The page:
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I have a complicated integral to solve. Can someone provide a better way to solve it than what i did - dividing by a inside the root, and then putting $ t = x / a $, and then putting $t^2 = \cos \theta $ and so many other substitutions. $$ \int x \sqrt{\frac {a^2 - x^2} { a^2 + x^2 }} dx $$

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Let $x^2=a^2\cos(y)$. We then have $2xdx = -a^2 \sin(y) dy$. The integral then becomes \begin{align} I & = \int x \sqrt{\dfrac{a^2-x^2}{a^2+x^2}} dx = -\int \dfrac{a^2}2 \sin(y) \sqrt{\dfrac{1-\cos(y)}{1+\cos(y)}}dy = -\dfrac{a^2}2 \int \sin(y) \tan(y/2) dy\\ & = -a^2\int \sin^2(y/2)dy \end{align} I trust you can finish it from here.

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Thanks! That's better :D – Sri Krishna Apr 24 '13 at 7:47
@SriKrishna You might be slightly bothered by the different signs for the integral, but the limits will take care of the signs. So be careful with the limits. – user17762 Apr 24 '13 at 7:49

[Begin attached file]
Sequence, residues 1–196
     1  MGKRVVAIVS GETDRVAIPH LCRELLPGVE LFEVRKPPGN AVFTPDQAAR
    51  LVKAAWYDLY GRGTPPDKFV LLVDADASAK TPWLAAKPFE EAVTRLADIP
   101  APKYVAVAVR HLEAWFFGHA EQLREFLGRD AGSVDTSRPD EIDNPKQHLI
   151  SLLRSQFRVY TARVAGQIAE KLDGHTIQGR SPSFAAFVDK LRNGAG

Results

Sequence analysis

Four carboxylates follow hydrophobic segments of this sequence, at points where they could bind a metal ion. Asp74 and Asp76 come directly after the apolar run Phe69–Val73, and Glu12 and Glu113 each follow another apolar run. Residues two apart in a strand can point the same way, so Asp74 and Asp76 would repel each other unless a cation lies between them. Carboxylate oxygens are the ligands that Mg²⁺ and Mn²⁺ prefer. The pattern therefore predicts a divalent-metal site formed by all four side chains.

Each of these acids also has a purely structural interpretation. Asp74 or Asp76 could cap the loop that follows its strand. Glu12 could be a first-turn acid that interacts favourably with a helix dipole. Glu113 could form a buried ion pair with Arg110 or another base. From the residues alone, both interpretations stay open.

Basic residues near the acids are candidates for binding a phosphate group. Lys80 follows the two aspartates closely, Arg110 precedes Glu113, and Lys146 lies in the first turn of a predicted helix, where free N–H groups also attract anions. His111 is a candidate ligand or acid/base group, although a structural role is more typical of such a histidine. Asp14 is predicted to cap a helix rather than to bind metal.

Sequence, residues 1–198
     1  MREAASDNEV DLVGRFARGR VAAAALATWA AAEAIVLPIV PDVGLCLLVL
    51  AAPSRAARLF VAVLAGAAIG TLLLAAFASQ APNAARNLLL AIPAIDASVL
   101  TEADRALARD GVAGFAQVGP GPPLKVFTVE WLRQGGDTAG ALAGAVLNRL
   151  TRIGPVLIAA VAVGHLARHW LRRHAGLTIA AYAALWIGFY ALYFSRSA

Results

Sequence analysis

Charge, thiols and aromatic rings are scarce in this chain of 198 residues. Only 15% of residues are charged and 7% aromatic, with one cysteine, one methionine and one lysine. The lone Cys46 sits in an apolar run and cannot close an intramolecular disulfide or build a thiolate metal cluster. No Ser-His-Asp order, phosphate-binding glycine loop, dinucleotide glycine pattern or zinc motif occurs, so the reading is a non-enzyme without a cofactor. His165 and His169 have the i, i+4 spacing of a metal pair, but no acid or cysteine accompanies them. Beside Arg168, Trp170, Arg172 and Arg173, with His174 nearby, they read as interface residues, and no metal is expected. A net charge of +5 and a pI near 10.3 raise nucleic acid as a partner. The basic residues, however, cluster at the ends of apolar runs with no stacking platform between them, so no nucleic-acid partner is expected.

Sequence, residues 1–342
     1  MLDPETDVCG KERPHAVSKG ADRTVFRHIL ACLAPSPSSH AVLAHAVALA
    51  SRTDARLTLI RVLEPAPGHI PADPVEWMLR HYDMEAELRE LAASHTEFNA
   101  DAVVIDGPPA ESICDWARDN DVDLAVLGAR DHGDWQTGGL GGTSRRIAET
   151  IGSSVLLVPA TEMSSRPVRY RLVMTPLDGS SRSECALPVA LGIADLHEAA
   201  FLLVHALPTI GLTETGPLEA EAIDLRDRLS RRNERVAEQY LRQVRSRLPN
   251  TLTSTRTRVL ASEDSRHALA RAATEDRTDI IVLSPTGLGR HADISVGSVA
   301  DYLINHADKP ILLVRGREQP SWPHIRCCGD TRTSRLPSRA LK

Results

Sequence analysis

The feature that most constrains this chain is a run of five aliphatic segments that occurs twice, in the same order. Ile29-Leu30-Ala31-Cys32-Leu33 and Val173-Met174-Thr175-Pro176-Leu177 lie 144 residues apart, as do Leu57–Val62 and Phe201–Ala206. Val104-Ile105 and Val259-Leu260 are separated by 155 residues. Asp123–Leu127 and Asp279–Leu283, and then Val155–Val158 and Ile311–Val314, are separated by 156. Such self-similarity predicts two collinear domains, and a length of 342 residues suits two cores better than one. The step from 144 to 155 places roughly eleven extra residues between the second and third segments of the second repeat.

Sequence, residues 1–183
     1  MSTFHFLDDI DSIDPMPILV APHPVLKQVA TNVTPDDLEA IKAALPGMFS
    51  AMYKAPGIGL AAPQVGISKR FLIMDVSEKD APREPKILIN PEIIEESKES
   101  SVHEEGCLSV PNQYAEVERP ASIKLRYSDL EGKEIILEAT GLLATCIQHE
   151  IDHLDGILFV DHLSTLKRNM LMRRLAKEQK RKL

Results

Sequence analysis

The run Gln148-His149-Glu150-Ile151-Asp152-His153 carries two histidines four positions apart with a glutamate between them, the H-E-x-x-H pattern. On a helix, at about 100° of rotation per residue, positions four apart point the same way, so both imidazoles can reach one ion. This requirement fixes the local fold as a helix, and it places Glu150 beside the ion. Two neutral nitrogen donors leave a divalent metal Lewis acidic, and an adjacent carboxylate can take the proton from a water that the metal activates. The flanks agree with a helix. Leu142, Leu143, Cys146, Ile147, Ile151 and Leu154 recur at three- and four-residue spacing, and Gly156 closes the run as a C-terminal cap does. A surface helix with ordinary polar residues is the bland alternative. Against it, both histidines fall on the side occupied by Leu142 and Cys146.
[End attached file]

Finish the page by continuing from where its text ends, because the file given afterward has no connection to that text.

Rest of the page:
We can use the algebraic substitution:

$$t=\frac{a^{2}-x^{2}}{a^{2}+x^{2}}.\tag{0} $$

We have that

$$\begin{eqnarray*} I &=&\int x\sqrt{\frac{a^{2}-x^{2}}{a^{2}+x^{2}}}dx=-\int \sqrt{t}\frac{a^{2} }{\left( 1+t\right) ^{2}}dt\tag{1} \\ &=&a^{2}\frac{\sqrt{t}}{1+t}-a^{2}\arctan \sqrt{t}+C \\ &=&\frac{a^{2}+x^{2}}{2}\sqrt{\frac{a^{2}-x^{2}}{a^{2}+x^{2}}}-a^{2}\arctan \sqrt{\frac{a^{2}-x^{2}}{a^{2}+x^{2}}}+C, \end{eqnarray*}$$

because the integral in $t$ $(1)$ can be evaluated by using another algebraic substitution, $$u^{2}=t,\tag{2}$$ and expanding into partial fractions the resulting integrand $$ \begin{eqnarray*} \int \frac{\sqrt{t}}{\left( 1+t\right) ^{2}}dt &=&2\int \frac{u^{2}}{\left( 1+u^{2}\right) ^{2}}\,du \\ &=&2\int -\frac{1}{\left( 1+u^{2}\right) ^{2}}+\frac{1}{1+u^{2}}\,du.\tag{3} \end{eqnarray*} $$

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